It took him less than one round to overwhelm Cerrone and punch his ticket into the division's top 10.
Per Haljestam-USA TODAY Sports
On Sunday night the Polish MMA promotion, KSW filled a stadium in Dublin for its biggest and perhaps looniest event to date ,complete with No Contest and World's Strongest Man, Marius Pudzianowksi. On Saturday night the UFC joined in to make an unofficial Polish fight week by heading to the port city of Gdansk for a Fight Night card. The UFC's card was largely lackluster, with the main card being entirely filled out by Polish fighters in showcase fights. The most egregious of which was the three round co-main event in whichtop ten ranked women's straw-weight and one time title challenger, Karolina Kowalkiewicz took on UFC debutant Jodie Esquibel.
The UFC's main card was hard to get through with each bout offering a meat-and-potatoes kickboxing match that looked as though it were lifted off a UFC card from ten years ago. Without fail each fight contained two fighters running in, pumping their hands alternately, with little subtlety. And then we were treated to an MMA first when Devin Clark swung, missed, and fell into a standing rear naked choke against Jan Blachowitz—a sequence that you won't see outside of Steven Seagal movies.
But when Darren Till hit the ring, the whole evening suddenly seemed worthwhile. In under a round the scouse striker put Donald Cerrone through the ringer and stamped his ticket to the welterweight division's top ten. The destruction of Cerrone was every bit as impressive as Jorge Masvidal's earlier this year, but accomplished in a much different way.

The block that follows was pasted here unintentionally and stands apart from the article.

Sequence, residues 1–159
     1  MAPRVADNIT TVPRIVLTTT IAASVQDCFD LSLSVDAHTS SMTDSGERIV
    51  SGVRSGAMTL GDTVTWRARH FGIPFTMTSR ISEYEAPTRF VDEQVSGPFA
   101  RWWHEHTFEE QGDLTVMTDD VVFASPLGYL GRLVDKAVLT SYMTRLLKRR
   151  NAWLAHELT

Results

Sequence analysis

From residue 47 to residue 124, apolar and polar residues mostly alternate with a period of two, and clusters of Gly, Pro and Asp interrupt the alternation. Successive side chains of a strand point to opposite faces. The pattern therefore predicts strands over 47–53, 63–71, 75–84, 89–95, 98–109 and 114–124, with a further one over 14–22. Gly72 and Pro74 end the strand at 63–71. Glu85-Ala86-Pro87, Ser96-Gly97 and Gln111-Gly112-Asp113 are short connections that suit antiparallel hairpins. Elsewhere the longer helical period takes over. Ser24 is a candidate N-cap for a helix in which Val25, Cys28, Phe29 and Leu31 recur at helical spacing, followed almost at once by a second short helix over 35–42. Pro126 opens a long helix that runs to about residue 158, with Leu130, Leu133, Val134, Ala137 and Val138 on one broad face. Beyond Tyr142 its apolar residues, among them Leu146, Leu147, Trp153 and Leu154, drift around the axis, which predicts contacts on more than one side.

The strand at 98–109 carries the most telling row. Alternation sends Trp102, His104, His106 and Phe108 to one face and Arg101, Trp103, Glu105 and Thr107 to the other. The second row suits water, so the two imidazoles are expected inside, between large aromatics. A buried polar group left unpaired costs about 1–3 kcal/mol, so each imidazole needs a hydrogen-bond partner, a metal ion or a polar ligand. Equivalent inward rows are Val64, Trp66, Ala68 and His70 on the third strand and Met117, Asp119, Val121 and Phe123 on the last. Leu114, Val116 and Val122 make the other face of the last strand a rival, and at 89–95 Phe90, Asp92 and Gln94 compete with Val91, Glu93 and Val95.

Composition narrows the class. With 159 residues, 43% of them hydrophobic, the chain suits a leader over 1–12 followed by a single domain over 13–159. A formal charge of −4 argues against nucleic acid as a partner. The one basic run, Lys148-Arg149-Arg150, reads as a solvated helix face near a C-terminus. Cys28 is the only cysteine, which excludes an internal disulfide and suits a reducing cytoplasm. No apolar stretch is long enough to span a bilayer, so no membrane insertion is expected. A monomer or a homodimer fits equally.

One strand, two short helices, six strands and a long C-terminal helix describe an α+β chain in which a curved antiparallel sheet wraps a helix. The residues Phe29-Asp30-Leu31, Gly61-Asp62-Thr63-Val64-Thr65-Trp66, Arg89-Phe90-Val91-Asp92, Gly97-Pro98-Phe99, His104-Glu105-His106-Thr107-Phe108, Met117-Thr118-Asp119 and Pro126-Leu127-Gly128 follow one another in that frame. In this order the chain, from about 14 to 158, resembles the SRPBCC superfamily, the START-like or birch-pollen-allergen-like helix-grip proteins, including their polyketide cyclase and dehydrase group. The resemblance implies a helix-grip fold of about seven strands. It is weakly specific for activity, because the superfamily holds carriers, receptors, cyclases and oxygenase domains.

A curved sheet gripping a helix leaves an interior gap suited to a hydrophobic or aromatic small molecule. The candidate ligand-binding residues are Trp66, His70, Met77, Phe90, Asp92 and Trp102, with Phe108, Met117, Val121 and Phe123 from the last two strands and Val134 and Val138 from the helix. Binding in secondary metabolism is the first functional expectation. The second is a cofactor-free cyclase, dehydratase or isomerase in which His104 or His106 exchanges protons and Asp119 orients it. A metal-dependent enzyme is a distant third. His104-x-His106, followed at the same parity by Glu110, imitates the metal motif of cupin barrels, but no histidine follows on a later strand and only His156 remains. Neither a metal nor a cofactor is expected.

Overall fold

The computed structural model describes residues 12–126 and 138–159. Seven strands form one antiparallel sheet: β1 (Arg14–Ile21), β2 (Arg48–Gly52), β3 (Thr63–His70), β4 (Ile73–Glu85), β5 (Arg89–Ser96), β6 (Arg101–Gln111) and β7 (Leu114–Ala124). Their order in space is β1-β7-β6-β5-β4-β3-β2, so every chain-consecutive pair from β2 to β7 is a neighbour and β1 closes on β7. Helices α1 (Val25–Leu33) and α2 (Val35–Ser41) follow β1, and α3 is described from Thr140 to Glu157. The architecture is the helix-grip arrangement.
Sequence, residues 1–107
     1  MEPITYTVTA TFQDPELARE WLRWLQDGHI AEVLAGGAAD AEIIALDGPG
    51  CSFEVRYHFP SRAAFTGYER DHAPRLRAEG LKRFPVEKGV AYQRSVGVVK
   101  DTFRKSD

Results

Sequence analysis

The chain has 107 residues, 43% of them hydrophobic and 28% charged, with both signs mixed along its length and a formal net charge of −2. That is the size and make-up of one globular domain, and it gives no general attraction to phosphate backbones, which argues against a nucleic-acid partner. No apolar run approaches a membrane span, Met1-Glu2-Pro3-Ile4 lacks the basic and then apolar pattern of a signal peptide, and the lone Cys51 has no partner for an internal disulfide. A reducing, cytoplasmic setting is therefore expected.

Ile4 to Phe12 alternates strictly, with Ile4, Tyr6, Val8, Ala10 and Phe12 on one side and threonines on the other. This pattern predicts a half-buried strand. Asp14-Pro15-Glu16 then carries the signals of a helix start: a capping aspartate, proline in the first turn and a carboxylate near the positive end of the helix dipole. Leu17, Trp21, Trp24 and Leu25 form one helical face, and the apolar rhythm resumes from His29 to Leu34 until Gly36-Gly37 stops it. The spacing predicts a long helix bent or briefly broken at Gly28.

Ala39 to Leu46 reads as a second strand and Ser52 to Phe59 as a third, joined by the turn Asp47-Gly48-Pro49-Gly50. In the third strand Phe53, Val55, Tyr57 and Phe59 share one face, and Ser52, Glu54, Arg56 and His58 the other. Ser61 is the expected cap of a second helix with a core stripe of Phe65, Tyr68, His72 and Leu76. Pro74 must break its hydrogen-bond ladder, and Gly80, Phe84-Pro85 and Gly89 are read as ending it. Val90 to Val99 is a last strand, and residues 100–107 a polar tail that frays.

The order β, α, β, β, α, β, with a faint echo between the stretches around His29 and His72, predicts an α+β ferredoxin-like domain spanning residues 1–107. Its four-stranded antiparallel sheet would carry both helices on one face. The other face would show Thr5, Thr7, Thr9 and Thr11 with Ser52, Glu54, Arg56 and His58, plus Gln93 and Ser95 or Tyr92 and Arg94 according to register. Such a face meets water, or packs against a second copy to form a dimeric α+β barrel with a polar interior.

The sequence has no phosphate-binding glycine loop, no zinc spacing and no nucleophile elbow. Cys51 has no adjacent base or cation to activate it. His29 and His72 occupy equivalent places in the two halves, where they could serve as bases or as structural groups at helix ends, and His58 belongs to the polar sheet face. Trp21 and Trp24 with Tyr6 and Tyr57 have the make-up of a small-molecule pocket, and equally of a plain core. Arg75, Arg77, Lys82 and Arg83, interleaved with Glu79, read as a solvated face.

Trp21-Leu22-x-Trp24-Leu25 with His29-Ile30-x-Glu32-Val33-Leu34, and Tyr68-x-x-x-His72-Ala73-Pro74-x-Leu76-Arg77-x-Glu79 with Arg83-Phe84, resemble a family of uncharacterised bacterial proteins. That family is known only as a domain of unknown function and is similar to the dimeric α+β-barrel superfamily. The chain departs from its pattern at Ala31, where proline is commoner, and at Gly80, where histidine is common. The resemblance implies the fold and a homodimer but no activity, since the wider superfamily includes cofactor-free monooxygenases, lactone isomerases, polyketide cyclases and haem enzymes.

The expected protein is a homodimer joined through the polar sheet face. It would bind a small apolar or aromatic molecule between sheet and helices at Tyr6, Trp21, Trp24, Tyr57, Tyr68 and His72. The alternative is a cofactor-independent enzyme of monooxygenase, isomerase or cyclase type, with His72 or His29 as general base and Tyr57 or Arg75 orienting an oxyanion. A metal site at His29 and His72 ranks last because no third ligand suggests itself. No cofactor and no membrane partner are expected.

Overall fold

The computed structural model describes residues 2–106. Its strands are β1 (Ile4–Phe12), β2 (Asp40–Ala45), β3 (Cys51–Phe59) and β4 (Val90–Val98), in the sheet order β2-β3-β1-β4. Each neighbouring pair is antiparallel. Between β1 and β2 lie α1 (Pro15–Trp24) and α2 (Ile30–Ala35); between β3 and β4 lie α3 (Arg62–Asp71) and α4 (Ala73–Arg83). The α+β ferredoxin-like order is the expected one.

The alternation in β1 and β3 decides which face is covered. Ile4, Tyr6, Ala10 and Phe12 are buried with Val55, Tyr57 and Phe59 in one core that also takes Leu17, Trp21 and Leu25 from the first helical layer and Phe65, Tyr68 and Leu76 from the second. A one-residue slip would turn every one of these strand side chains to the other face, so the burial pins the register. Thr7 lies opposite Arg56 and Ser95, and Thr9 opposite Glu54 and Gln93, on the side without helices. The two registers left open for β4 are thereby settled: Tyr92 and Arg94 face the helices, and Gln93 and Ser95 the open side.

From the outset, Cerrone began to look for his step up left low kick—something he uses extensively against southpaws. It pairs particularly nicely with the right high kick immediately afterwards and this is something his team-mate, Carlos Condit does quite a bit too. But Till immediately retracted his lead leg and as Cerrone's naked power kick flew past, he found himself badly out of position. Till applied the pressure as Cerrone recovered his stance and suddenly they were on the fence. With Cerrone's back foot to the fence and nowhere to retreat, the fight began to take its shape.
Along the fence, Till held his distance and showed feint after feint to draw reactions out of Cerrone. Cerrone telegraphed a couple of ducks at Till's hips and suddenly Till was finding the uppercut.
We discussed Till's extensive use of feints in our preview on Friday, and they showed up here playing a vital role. Till will pump his shoulder and then fire through a legitimate left straight, or flick his hips to force a reaction before trying to capitalize on it, or simply feint to keep his opponent on edge. Along the fence the loss of retreat drastically limits a fighter's defensive options and feints play havoc with the trapped fighter's composure and force him to show his hand. Within two minutes of this fight Cerrone was breathing through his mouth and the moments where he was allowed away from the fence for more than a few seconds were few and far between.
Cerrone's loopy hands were largely absent in this fight—on the one occasion that he was flustered enough to try to punch his way off the fence Till almost caught him with that dangerous left hand from the open side.
When Cerrone attempted to kick off the fence, he was met with a left straight which quickly deterred him from trying again.